06/21/2011 08:41 am ET | Updated Aug 21, 2011

How Thai Food Is Good For You


Feeling a little short on cash these days? Plant some ginger in your yard, it will guarantee prosperity. Or maybe you're apprehensive about dragons and serpents? A few stands of lemongrass around your home should effectively repel them. Looking to attract and hold onto a lover? A bath perfumed with lemongrass should do the trick. Or so certain bits of folklore from around the world would have us believe!

Whether or not these tales are true (and I must confess to a slight skepticism), there are other benefits to be derived from these aromatic plants that are quantifiable and demonstrable. And rather than nutritional, the benefits to be found here are largely medicinal, with ginger and lemongrass (also known as "fever grass") proving to be helpful with combating an array of ailments.

Ginger's most prominent effect is gastro-intestinal. Got an upset stomach? Get ginger. Prone to motion sickness? Get ginger. Suffering with nausea from chemotherapy or morning sickness from pregnancy? Get ginger. Studies have proven that the ingestion of small amounts of ginger can eliminate intestinal gas and alleviate multiple symptoms of motion sickness; and because it has no known side-effects, ginger is especially useful for morning sickness in pregnant women, as it poses none of the risks that nausea medicines might create.

And its usefulness doesn't stop there. Ginger contains powerful anti-inflammatory compounds called gingerols. In numerous studies, consumption of ginger has been directly linked to relief from the pain and swelling of various types of arthritis and accompanied by increased mobility. It has also been persuasively suggested in several studies and experiments that gingerols may inhibit the growth of colorectal cancer cells -- and actually cause the death of ovarian cancer cells.

Lemongrass is a bit more modest and mundane in its benefits, but nonetheless helpful. In Ayurvedic medicine, it is used to alleviate coughs and nasal congestion. The essential oil derived from it is used to repel insects, employed in soaps as an antiseptic and applied to the skin to combat fungal infections. A friend of mine who grew up in the deep south informed me that whenever she had a fever as a child, her grandmother brewed a posset of "fever grass" to induce sweating and break the fever.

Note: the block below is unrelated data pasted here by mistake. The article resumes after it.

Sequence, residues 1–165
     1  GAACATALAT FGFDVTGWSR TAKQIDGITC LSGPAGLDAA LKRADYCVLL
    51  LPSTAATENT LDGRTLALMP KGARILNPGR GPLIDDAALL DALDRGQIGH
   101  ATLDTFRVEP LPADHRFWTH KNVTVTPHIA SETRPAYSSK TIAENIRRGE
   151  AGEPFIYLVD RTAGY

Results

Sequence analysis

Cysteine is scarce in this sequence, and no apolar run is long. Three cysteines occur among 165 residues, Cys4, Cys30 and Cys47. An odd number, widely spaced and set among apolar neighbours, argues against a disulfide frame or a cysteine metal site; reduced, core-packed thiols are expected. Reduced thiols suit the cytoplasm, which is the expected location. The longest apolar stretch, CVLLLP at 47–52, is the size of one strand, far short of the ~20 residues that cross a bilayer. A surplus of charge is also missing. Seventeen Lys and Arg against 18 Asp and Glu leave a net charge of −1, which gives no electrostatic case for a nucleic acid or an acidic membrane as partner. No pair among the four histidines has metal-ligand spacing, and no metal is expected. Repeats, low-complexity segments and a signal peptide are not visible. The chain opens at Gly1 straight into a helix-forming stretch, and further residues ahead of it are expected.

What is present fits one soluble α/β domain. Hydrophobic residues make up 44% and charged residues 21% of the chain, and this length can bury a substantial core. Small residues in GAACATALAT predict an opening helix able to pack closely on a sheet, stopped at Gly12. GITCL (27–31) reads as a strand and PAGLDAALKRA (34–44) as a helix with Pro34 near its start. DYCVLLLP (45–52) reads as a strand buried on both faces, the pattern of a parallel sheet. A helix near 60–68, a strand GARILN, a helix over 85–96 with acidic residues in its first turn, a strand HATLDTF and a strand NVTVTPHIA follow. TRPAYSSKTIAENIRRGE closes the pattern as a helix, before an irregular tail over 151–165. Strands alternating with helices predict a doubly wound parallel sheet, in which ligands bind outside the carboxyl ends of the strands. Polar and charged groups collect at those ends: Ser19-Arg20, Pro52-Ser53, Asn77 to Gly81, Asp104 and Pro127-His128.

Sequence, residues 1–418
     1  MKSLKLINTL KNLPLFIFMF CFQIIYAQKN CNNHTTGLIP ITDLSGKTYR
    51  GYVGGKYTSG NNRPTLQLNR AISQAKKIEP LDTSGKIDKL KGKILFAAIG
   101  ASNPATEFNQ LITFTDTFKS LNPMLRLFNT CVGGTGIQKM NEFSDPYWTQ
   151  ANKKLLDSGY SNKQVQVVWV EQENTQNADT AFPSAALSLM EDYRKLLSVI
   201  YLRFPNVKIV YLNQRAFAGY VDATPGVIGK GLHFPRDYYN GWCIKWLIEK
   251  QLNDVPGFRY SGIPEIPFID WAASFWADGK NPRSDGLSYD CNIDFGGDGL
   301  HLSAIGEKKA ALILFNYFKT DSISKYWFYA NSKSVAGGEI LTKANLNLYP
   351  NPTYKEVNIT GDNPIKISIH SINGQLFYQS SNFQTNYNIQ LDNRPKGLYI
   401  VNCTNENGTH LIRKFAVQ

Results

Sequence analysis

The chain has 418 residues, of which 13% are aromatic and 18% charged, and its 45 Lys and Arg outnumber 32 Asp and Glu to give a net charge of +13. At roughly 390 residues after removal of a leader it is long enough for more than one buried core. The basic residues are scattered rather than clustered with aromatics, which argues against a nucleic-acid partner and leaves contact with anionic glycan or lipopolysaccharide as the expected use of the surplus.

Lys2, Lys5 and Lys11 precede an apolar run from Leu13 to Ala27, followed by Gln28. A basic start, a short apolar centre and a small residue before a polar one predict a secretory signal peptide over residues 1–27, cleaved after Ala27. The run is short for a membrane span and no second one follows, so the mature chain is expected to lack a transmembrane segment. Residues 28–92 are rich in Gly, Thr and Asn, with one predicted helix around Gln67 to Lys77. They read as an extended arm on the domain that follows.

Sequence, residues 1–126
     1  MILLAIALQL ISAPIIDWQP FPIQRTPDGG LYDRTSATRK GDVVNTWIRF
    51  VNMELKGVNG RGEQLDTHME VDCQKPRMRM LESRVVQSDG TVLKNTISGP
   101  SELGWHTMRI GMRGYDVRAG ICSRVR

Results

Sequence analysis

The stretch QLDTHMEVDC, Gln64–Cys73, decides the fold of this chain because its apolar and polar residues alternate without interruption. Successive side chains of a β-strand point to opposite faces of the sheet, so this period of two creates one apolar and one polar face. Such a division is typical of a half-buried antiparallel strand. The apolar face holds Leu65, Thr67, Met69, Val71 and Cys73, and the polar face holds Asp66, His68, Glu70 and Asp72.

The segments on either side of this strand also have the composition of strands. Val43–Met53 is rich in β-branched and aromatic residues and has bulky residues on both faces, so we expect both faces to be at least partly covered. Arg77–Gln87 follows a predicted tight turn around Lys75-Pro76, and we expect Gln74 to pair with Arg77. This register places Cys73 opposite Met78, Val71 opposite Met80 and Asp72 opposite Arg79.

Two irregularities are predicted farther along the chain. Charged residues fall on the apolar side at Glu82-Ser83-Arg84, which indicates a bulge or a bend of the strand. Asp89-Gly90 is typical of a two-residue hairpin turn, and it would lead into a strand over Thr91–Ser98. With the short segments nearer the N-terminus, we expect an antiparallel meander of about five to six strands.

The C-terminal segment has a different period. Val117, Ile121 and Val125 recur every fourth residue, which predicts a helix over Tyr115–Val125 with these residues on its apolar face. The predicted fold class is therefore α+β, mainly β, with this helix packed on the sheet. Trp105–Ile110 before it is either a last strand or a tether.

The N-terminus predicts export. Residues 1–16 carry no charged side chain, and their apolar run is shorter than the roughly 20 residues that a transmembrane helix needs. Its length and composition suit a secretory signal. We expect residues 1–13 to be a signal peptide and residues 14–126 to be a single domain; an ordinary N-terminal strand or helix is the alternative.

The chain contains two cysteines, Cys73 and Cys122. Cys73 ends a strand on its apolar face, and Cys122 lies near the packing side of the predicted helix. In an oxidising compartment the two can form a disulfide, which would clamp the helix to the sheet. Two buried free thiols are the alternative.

A recent study also suggests that lemongrass may share a property with ginger: Preliminary findings from research at Ben Gurion University in Israel indicated that in vitro, the active ingredient citral caused the death of cancer cells, while leaving normal cells untouched.

So whether you use them to treat an existing condition, or ward off a potential one, ginger and lemongrass are excellent additions to your culinary health arsenal. Maybe you won't get rich, or find a paramour, or even escape from dragons; but your body will thank you anyway!

The "Other" Ginger

If you're a fan of Asian cooking, as I am, you may have run across a recipe calling for galangal -- probably in a Thai soup or a Malaysian curry. These recipes often tell you that you can substitute ginger for galangal. Well, you can -- they're both in the same family; and that being so, galangal has the same beneficial effects as ginger in terms of intestinal fortitude and other characteristics.

They also look similar, though galangal is paler in hue and harder to cut (so be careful), but the flavor of the galangal is different from ginger -- more complex, nuanced and intriguing. Rather than the aggressive bite of ginger, you'll find a milder heat reminiscent of mustard, with hints of citrus and notes of pine and earth.

So when a recipe calls for galangal, make an effort to find some -- it'll give you a unique culinary treat. Most Asian markets will probably have some on hand, and it makes an awesomely subtle tea, complete with all the health benefits of ginger.

Use the same criteria for selection as you would for ginger: choose tubers that look fresh and tight-skinned (not wrinkled or splotchy) and free of mold; they should be heavy for their size, and have minimal "knobs." Store galangal wrapped in plastic in the fridge for up to two weeks, or in the freezer for up to two months.

Asian Rice Salad

Serve this with shredded lettuce as a light luncheon, or pair with some grilled teriyaki chicken and stir-fry veggies for a satisfying supper.

1 cup organic brown rice
1 cup vegetable broth
1 cup water
1 tablespoon peeled minced fresh ginger
1 teaspoon minced lemon grass, white part only
2/3 cup diced carrots
1/2 cup cooked green peas
1/3 cup sliced green onions

2 tablespoons fresh lime juice
1 tablespoon rice wine vinegar
1 teaspoon sesame oil
2 tablespoons canola oil
1 teaspoon soy sauce
1/2 teaspoon grated lime zest
1/2 teaspoon sambal oelek (hot chili sauce - optional)*

Combine rice, broth, water, ginger and lemongrass in a medium saucepan; bring to a boil, reduce heat and simmer until all liquid is absorbed -- about 40 minutes. Remove from heat, let sit for five minutes and then fluff with a fork. Allow to cool to room temperature, then stir in carrots, peas and green onions.

In a small jar, combine dressing ingredients and shake until well-combined. Transfer rice mix to serving bowl, toss with dressing and serve. (This can also be refrigerated for later use.)

Serves four.

*available at Asian markets and some supermarkets.

Invigorating Thai Iced Tea

1/4 cup peeled fresh ginger, coarsely chopped
1/4 cup diagonally-sliced lemongrass
8 green tea bags
1/4 cup organic honey
1 quart boiling water
1/2 cup lite organic coconut milk

Add ginger, lemongrass, green tea and honey to boiling water and let it steep for 10 minutes. Strain into a large beverage container; stir in coconut milk. Chill thoroughly. Serve over crushed ice with fresh mint.

A version of this post appears in my "Eat Smart" column in the June issue of Better Nutrition magazine.